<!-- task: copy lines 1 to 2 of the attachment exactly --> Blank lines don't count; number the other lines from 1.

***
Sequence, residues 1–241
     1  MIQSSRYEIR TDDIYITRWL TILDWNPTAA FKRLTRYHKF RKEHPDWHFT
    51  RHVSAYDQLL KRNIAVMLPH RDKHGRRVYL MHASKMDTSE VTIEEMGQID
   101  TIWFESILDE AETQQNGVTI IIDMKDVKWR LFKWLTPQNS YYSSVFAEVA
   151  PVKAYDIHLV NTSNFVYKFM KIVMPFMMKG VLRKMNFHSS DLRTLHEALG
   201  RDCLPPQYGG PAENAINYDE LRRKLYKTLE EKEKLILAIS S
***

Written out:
Sequence, residues 1–241
     1  MIQSSRYEIR TDDIYITRWL TILDWNPTAA FKRLTRYHKF RKEHPDWHFT